Transcript: Former Secretary of State John Kerry on "Face the Nation," September 22, 2019

Kerry: Iran likely behind Saudi oil attack

The following is a transcript of the interview with former Secretary of State John Kerry that aired Sunday, September 22, 2019, on "Face the Nation."


MARGARET BRENNAN: We're back now with former Secretary of State John Kerry. He's in town as part of a U.N. push to combat climate change. Mr. Secretary, good to see you here. Great to have you here.

FORMER SECRETARY OF STATE JOHN KERRY: Great to be here. Happy to be with you. Thank you.

MARGARET BRENNAN: We want to talk to you about this climate project but I want to start on Iran. 

KERRY: Sure. 

MARGARET BRENNAN: The United States is not required to defend Saudi Arabia in the wake of this attack, but does the U.S. look weak if it doesn't militarily respond?

KERRY: Not if we do other things that show strength and confidence in a genuine strategy and policy, and that's what's really lacking here I think. You've got to-  you've got to go back to the beginning here. We had an agreement. We have an agreement, that the rest of the world supports-- 

MARGARET BRENNAN: The nuclear deal.

KERRY: --the nuclear agreement. And I heard Secretary Pompeo say well we want to get into a place where we know they can't have a nuclear weapon. Well we're there. We were there. And France, Germany, Britain, China, Russia, all still support a multilateral agreement that was a model of multilateral diplomacy. We came together, the world welcomed this, the United Nations security council ratified it, embraced it. And that still is there. Along comes President Trump and he pulls out. He broke the agreement.

MARGARET BRENNAN: You think pulling out--

KERRY: He is the one well- what--

MARGARET BRENNAN: --caused this escalation?

KERRY: The escalation is the absolutely foreseeable and it was foreseen that this is what would happen. Why do I say that? Because we were ridiculed for saying that the alternative to what we were trying to do in making the agreement was war, was conflict. I mean I- I personally had leaders in the Middle East telling me you've got to bomb Iran. We had a prime minister of Israel come to America and ask for a green light to bomb. So, we were averting war. And when we signed the agreement in- in Vienna, the initial agreement, we all agreed that this was a way to avoid a war and open up a channel of communicating, and diplomacy to be able to deal with legitimate other issues that are concerned with Iran. We're concerned about their support for Hezbollah. We're concerned about their missiles. We're concerned about Yemen. We're concerned about interference in other countries. But what is the best way to deal with that, Margaret? That's the question--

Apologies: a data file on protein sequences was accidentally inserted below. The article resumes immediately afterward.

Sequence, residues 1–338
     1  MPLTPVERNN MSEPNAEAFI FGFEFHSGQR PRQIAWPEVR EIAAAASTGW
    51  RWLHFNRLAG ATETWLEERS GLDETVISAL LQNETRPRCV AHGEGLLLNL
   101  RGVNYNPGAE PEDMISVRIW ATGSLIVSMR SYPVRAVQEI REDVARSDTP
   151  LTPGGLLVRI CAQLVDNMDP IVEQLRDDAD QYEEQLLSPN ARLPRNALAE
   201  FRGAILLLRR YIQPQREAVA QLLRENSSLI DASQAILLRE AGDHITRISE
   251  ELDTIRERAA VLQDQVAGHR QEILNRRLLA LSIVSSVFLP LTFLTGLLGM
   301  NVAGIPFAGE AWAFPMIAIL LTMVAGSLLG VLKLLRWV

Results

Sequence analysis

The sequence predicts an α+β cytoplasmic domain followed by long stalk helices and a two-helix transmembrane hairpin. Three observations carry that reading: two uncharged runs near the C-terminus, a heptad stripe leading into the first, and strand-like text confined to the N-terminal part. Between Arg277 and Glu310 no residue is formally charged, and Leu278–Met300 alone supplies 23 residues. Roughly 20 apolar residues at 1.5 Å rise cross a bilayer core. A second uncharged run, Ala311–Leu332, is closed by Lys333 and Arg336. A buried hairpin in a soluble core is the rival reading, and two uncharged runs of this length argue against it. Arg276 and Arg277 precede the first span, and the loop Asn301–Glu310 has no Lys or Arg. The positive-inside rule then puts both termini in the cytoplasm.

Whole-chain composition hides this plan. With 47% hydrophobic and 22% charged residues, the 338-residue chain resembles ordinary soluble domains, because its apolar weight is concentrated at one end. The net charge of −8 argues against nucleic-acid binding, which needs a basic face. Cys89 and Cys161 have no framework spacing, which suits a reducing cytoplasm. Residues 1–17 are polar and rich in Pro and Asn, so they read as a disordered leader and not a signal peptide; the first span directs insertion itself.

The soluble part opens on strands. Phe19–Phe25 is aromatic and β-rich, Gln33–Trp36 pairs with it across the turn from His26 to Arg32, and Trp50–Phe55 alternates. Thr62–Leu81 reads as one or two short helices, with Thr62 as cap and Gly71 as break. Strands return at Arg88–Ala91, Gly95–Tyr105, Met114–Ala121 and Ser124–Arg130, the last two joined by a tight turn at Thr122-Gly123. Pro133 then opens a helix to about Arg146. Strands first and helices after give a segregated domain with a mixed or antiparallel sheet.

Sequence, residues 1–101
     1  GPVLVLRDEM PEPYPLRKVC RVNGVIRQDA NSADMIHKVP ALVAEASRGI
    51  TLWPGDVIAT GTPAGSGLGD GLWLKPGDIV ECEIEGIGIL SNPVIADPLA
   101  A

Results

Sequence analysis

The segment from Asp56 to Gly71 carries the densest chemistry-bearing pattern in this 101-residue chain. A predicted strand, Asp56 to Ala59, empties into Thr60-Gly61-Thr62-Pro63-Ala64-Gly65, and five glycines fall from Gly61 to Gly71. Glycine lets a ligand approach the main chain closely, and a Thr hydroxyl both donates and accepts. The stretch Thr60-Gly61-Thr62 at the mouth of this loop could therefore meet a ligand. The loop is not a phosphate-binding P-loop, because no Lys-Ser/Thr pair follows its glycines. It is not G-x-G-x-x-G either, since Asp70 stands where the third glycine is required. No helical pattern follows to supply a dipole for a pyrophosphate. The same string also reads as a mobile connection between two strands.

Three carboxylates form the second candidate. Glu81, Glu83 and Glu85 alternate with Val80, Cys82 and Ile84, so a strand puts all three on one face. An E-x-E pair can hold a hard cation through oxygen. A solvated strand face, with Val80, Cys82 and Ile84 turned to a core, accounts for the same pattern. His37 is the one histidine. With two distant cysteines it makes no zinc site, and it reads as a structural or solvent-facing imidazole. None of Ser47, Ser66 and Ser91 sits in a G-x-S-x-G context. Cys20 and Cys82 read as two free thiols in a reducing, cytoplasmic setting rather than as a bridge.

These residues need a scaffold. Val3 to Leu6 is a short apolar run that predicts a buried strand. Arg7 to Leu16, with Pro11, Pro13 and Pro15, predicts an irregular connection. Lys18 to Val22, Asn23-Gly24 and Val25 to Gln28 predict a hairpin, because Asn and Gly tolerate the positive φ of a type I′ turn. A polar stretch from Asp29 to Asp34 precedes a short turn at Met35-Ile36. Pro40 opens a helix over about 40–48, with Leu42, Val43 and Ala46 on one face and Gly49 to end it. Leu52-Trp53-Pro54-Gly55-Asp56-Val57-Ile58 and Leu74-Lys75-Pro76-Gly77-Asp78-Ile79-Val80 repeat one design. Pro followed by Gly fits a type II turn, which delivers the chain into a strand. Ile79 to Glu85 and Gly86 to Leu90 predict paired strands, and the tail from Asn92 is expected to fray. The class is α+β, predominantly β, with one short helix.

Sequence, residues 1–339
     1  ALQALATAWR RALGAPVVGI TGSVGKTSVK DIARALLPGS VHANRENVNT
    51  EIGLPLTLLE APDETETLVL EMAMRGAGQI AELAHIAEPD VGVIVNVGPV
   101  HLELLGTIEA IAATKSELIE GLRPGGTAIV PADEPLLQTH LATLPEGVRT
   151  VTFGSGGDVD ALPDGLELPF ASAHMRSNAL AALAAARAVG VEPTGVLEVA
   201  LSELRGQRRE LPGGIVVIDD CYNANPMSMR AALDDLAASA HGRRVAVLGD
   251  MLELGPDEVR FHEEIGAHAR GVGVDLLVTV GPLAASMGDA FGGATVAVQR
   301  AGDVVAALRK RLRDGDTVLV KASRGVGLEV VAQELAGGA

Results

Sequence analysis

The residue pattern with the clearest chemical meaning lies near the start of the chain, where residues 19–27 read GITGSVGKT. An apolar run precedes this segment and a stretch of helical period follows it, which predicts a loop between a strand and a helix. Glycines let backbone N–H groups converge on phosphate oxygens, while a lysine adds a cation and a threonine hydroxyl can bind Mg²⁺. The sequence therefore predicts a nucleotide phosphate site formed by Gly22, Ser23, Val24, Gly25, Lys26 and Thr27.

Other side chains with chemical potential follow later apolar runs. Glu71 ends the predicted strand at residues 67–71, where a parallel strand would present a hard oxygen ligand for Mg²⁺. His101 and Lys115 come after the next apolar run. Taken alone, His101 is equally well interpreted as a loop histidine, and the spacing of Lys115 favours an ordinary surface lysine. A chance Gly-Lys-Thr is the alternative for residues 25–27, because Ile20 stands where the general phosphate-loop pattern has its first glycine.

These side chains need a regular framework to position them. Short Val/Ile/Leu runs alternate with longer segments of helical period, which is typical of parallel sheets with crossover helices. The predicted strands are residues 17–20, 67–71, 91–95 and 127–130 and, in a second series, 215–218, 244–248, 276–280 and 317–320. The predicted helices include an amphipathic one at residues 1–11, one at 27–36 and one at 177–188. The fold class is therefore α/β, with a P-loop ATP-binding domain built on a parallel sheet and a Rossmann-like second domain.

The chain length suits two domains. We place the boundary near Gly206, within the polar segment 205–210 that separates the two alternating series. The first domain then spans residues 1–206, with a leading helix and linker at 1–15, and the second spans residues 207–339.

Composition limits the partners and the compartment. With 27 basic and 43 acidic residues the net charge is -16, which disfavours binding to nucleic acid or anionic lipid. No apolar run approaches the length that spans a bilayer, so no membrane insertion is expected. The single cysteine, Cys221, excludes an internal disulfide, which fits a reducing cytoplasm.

MARGARET BRENNAN: But can the nuclear deal be salvaged now--

KERRY: --and by breaking this--

MARGARET BRENNAN: given that Iran is already starting—

KERRY: Of course, of course it could be salvaged.

MARGARET BRENNAN: --to push the limits and cheat here?

KERRY: Well, they- I think-

MARGARET BRENNAN: And there are sunset clauses.

KERRY: Yes they are. Look, I think and- and you've got to be really clear and honest about what's happening here. I believe Iran, one way or the other, was behind the attack that took place. That to me is obvious. And it's also obvious that it's got to be denied. And it will be denied right now because they need the plausible deniability. But the president I think is absolutely is actually correct to be evaluating sort of not being rushed into a corner to go to war. That is what we shouldn't do. But you've also got to look at what happened afterwards, after we pulled out. We basically declared economic war—

MARGARET BRENNAN: Right.

KERRY: --on Iran. We have been pressuring them. Maximum pressure. And it was entirely foreseeable that that would result in further conflict. So we're seeing the unfolding of really a bankruptcy of approach. 

MARGARET BRENNAN: Okay.

KERRY: The international community can come together now. I think there is a way to avert war -- 

MARGARET BRENNAN: And that's going to be one of the pushes this week-- 

KERRY: --without showing weakness. 

MARGARET BRENNAN: I want to take a quick break 

KERRY: Sure. 

MARGARET BRENNAN: And have a more extended conversation on the other side of it. Don't go anywhere. 

KERRY: Great. 

MARGARET BRENNAN:Secretary Kerry. All of you stay with us, and a conversation about climate change ahead. 

MARGARET BRENNAN: Welcome back to FACE THE NATION. We continue our conversation with former Secretary of State John Kerry. Mr. Secretary at the bit of our conversation where we left off you said you do see a diplomatic off ramp here--